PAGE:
Intelligent Electronic Device (IED), sensors and the “Internet of Things” IOT will generate a large amount of data to be managed, so adequate storage systems, telecommunication networks and proper architecture must be used to deal with the so-called “data lake”.

The data lake shall be seen as a primary resource for the update of operating procedures and processes.

The introduction of algorithms and analyses able to extract and correlate information, using also machine learning and analytics techniques, implies the implementation of a related data process. Such a process can have as outputs both new monitoring outcomes (warnings and alarms), that can be used by the operators to make decisions, and triggers for automated actions. Such operator decisions and automated actions must be previously defined in operating procedures.

 

Cybersecurity

Cybersecurity is already a real risk. In the US, the Industrial Control Systems Cyber Emergency Response Team (ICS-CERT) received and responded to more than 245 incidents in one year. Energy is the sector more prone to cyberattacks.

Fig. 2: Cyberattacks by sector (source: ICS-CERT)

 

The data stolen from energy companies seems to be aimed at mapping critical infrastructures and collecting detailed information about them, rather than causing blackouts. If not adequately detected and contained, the cyber threats can go on for a long time (advanced persistent threats) and can impact networks, plants, monitoring systems and information relating to employees. It is worth highlighting that only a part of these have been properly investigated in recent years. The stolen data makes it possible to reconstruct the operating criteria of companies, exposing them to ever greater risks. Luckily, so far most of the time the attacks are aimed at obtaining information rather than causing blackouts on the network. However, this information can be used in the future for targeted attacks.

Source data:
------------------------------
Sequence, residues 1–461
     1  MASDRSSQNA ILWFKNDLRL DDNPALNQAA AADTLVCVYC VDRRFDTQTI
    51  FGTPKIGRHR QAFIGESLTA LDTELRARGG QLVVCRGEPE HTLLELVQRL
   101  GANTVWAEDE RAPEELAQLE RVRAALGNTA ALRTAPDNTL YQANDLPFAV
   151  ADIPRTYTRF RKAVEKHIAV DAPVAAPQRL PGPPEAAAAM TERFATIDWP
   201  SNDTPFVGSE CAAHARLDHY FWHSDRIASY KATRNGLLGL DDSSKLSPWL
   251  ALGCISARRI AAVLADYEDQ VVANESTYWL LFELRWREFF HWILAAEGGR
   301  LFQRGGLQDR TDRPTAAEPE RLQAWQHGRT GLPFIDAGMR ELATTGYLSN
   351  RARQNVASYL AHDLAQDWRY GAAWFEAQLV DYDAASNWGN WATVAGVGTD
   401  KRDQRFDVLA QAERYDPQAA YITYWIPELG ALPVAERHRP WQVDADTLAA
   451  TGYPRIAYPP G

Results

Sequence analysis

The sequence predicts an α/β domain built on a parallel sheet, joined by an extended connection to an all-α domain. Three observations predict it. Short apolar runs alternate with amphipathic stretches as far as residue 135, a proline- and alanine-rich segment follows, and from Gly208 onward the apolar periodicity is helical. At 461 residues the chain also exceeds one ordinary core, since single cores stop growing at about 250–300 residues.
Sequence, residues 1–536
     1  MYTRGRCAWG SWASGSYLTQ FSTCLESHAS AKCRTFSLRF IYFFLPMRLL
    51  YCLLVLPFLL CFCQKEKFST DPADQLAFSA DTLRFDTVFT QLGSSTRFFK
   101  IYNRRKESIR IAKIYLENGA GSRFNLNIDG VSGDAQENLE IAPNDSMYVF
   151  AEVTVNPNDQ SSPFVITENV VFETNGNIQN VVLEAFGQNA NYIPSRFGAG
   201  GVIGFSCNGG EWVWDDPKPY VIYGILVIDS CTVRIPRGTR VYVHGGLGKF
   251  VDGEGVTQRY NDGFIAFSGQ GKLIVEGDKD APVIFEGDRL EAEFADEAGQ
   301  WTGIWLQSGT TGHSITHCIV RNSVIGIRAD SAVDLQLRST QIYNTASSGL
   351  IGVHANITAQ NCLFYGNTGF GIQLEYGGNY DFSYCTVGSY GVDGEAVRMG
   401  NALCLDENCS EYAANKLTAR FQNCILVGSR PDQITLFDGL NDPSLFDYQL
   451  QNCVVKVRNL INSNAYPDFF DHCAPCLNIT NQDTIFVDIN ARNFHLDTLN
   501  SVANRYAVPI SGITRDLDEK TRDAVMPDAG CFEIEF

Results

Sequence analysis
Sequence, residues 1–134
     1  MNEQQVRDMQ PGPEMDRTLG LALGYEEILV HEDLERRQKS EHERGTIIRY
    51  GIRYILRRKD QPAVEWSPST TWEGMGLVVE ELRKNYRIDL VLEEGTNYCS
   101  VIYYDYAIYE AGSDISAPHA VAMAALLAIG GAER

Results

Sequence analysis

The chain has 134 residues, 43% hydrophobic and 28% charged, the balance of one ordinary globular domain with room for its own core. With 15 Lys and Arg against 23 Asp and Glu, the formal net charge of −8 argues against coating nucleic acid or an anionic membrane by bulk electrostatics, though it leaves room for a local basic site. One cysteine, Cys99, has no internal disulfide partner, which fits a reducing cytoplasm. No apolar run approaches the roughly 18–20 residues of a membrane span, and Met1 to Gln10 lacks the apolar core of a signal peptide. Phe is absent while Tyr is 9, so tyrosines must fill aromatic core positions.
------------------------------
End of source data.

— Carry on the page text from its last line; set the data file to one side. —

Fig. 3: Categories of cyberattacks in the energy sector (source: CISCO 2017 – Security Capabilities Benchmark Study)

 

Thus, to effectively implement barriers against cyberattacks, the environment where the data flows, notably based on 5G technology, shall be carefully designed and monitored. High requirements in terms of guaranteed bandwidth and cybersecurity level must be requested to the network providers to satisfy all the actors’ needs. So, not only the large amount of data that will be acquired, but also the interaction among different actors, systems, and security levels must be considered. To build a “trust chain” that covers all the domains is of crucial importance.

In such a highly connected environment, 5G introduces new technologies and devices that can create new risks, strictly connected to the new technology (e.g. enlarged exposure surface, number of connected devices and shared network resources). In addition, it increases the likelihood of existing threats because new access points (IED, IOT devices, etc.) can be exploited to enter the OT systems.

The “security by design” principle states that if security is not designed from the beginning surely there will be problems. This principle is essential, and for OT systems security by design implies resilience by design: The OT systems must be able to respond and recover the full availability in a short time. Since a zero risk condition does not exist, an efficient resilience scheme should be planned from the very beginning to protect the OT systems. Moreover, cybersecurity implementation and updates are needed since OT systems are affected by a “legacy” problem (the large majority of industrial equipment are based on legacy infrastructure).

In summary, to best exploit all the opportunities offered by 5G technology, it is crucial to face its introduction with a holistic approach. This implies involving all the levels of the utilities, to create synergy among smart grid actors, to harmonize IT and OT requirements and needs, and, last but not least, to consider cybersecurity as the key factor in deploying efficient and resilient OT systems.

 

 


Smart grids for the energy transition – in cooperation with CESI